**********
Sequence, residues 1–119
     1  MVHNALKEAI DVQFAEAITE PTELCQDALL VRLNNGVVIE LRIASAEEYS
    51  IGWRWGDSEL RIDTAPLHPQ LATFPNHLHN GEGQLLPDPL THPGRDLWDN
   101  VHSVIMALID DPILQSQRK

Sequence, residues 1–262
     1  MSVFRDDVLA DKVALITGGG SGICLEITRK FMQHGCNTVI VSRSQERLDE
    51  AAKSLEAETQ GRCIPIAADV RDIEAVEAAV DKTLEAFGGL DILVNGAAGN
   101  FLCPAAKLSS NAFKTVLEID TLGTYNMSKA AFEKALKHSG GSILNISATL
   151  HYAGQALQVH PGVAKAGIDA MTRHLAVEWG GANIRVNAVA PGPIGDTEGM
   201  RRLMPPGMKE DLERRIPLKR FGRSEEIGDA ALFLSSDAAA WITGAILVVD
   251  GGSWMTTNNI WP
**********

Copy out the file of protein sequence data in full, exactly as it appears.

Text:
Sequence, residues 1–119
     1  MVHNALKEAI DVQFAEAITE PTELCQDALL VRLNNGVVIE LRIASAEEYS
    51  IGWRWGDSEL RIDTAPLHPQ LATFPNHLHN GEGQLLPDPL THPGRDLWDN
   101  VHSVIMALID DPILQSQRK

Sequence, residues 1–262
     1  MSVFRDDVLA DKVALITGGG SGICLEITRK FMQHGCNTVI VSRSQERLDE
    51  AAKSLEAETQ GRCIPIAADV RDIEAVEAAV DKTLEAFGGL DILVNGAAGN
   101  FLCPAAKLSS NAFKTVLEID TLGTYNMSKA AFEKALKHSG GSILNISATL
   151  HYAGQALQVH PGVAKAGIDA MTRHLAVEWG GANIRVNAVA PGPIGDTEGM
   201  RRLMPPGMKE DLERRIPLKR FGRSEEIGDA ALFLSSDAAA WITGAILVVD
   251  GGSWMTTNNI WP